Sometimes it’s overwhelming to think about how many people in the world are in need—how many live without food or clean water, how many don’t have access to necessary medical care, and how many lack basic shelter.
We hear amazing stories about people going abroad to alleviate some of these needs, but sometimes we forget how much we can do in our own communities. There are 50 million refugees worldwide, but they don’t just live in refugee camps; many are relocated to other countries where they can have a fresh start. They live in places you might not expect. For example, there are nearly 70,000 refugees in Salt Lake City, Utah, and around 9,000 in Boise, Idaho. And this number is constantly growing as many new people move in each year, such as the 2,000–3,000 people that San Diego welcomes yearly.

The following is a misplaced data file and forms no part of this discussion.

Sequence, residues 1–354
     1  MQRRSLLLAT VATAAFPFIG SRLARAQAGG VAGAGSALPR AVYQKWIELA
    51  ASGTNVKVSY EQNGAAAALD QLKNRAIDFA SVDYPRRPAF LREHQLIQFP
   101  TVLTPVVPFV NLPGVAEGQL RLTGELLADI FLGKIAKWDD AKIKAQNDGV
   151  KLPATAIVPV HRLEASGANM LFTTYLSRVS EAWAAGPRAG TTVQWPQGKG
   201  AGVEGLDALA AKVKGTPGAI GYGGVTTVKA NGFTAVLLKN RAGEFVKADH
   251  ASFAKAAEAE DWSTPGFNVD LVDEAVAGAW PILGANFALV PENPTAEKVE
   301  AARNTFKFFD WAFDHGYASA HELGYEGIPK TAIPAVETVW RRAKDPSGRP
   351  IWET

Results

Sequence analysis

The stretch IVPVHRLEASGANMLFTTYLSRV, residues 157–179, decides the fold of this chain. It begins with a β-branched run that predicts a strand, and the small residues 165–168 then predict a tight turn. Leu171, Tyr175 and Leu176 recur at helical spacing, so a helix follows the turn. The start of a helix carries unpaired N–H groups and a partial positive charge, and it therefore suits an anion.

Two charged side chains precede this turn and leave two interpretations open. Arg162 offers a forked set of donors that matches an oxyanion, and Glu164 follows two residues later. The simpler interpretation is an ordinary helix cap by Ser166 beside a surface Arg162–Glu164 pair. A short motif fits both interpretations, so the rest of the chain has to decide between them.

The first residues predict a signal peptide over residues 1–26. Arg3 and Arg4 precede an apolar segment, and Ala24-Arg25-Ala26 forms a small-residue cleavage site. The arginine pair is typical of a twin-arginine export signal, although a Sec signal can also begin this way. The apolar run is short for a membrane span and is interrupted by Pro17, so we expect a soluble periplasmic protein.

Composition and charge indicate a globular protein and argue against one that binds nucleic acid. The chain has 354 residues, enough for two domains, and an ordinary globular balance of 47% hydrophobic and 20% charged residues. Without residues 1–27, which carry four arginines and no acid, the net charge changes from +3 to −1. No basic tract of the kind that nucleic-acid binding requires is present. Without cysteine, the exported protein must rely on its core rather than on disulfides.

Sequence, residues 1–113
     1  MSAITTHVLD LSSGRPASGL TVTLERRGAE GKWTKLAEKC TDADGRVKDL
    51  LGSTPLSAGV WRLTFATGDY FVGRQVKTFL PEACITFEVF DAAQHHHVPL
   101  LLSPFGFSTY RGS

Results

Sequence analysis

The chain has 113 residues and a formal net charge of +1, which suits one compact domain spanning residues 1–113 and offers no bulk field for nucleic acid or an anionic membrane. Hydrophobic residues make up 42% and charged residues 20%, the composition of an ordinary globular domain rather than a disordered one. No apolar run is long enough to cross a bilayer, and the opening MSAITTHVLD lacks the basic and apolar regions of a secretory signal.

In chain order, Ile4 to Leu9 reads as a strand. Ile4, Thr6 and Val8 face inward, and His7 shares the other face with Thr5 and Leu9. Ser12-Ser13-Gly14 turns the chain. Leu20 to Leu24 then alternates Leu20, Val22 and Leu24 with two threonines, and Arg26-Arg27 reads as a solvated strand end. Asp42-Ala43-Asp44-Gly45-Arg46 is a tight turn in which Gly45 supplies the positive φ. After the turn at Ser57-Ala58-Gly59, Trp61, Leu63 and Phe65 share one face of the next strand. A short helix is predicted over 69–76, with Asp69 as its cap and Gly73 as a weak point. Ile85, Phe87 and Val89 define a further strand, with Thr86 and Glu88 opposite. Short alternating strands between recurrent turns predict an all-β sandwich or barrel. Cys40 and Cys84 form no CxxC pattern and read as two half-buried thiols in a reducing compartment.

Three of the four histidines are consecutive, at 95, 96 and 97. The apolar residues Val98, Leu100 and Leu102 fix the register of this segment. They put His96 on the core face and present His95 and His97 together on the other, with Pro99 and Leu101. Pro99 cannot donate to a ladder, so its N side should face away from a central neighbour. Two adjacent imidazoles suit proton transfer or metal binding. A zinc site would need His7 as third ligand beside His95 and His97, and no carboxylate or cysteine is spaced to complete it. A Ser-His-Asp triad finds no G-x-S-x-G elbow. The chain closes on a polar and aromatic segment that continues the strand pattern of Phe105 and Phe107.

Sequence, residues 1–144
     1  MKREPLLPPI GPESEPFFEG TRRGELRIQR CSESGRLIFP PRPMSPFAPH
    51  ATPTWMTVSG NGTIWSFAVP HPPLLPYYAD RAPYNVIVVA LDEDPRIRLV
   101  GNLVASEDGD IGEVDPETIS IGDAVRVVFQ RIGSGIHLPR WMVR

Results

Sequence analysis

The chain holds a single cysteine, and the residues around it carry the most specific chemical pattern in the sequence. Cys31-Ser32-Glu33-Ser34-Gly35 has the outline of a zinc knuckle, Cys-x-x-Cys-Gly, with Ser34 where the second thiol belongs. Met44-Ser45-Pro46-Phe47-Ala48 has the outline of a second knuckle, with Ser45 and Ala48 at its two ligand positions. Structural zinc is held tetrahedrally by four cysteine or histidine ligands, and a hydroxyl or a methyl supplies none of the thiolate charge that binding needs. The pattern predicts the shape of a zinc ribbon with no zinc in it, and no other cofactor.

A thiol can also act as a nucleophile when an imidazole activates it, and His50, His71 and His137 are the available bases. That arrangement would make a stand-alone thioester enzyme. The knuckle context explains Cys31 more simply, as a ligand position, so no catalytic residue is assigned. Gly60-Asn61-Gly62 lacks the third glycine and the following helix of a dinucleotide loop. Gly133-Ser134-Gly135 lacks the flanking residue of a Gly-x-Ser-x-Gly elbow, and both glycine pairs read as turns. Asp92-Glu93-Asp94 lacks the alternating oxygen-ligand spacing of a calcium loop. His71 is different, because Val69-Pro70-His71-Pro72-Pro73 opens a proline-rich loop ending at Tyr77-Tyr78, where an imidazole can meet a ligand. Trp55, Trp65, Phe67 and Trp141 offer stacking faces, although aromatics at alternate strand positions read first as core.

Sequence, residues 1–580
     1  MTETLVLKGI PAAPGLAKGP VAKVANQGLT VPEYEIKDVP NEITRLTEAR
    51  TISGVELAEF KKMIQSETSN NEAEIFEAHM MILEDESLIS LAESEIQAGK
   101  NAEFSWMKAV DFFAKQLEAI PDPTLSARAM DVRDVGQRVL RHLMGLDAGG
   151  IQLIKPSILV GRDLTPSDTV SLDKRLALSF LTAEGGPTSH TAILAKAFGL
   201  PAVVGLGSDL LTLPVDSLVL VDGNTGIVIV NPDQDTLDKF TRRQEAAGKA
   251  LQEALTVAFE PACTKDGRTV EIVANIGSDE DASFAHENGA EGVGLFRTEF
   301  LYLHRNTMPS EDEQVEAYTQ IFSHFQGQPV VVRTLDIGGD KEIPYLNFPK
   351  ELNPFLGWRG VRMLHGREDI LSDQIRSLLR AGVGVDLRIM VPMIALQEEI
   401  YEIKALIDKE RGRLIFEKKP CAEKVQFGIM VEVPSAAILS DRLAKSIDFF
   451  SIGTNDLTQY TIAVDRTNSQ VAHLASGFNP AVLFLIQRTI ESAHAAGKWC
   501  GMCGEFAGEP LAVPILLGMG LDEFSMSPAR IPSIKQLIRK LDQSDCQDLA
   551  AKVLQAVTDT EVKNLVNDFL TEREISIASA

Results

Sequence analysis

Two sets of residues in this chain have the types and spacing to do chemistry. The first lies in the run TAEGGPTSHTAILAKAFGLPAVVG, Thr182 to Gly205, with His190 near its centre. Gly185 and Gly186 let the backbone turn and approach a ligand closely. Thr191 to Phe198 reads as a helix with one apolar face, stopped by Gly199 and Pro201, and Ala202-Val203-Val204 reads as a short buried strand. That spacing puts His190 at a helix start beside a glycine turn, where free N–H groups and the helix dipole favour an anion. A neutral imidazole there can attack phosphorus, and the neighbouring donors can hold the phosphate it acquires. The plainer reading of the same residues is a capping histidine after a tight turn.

These individuals have undergone tremendous difficulties and are starting over in a new country and culture. While there are organizations that help them with a place to live and basic necessities, what they need is a friend and ally who can help them acclimate to their new home, a person who can help them learn the language, understand the systems, and feel connected.
Recently Sharon Eubank, director of LDS Charities, the humanitarian arm of the Church, shared 40 ways to reach out torefugees in your own community. Although simple, they could mean all the difference to the neighbors you befriend.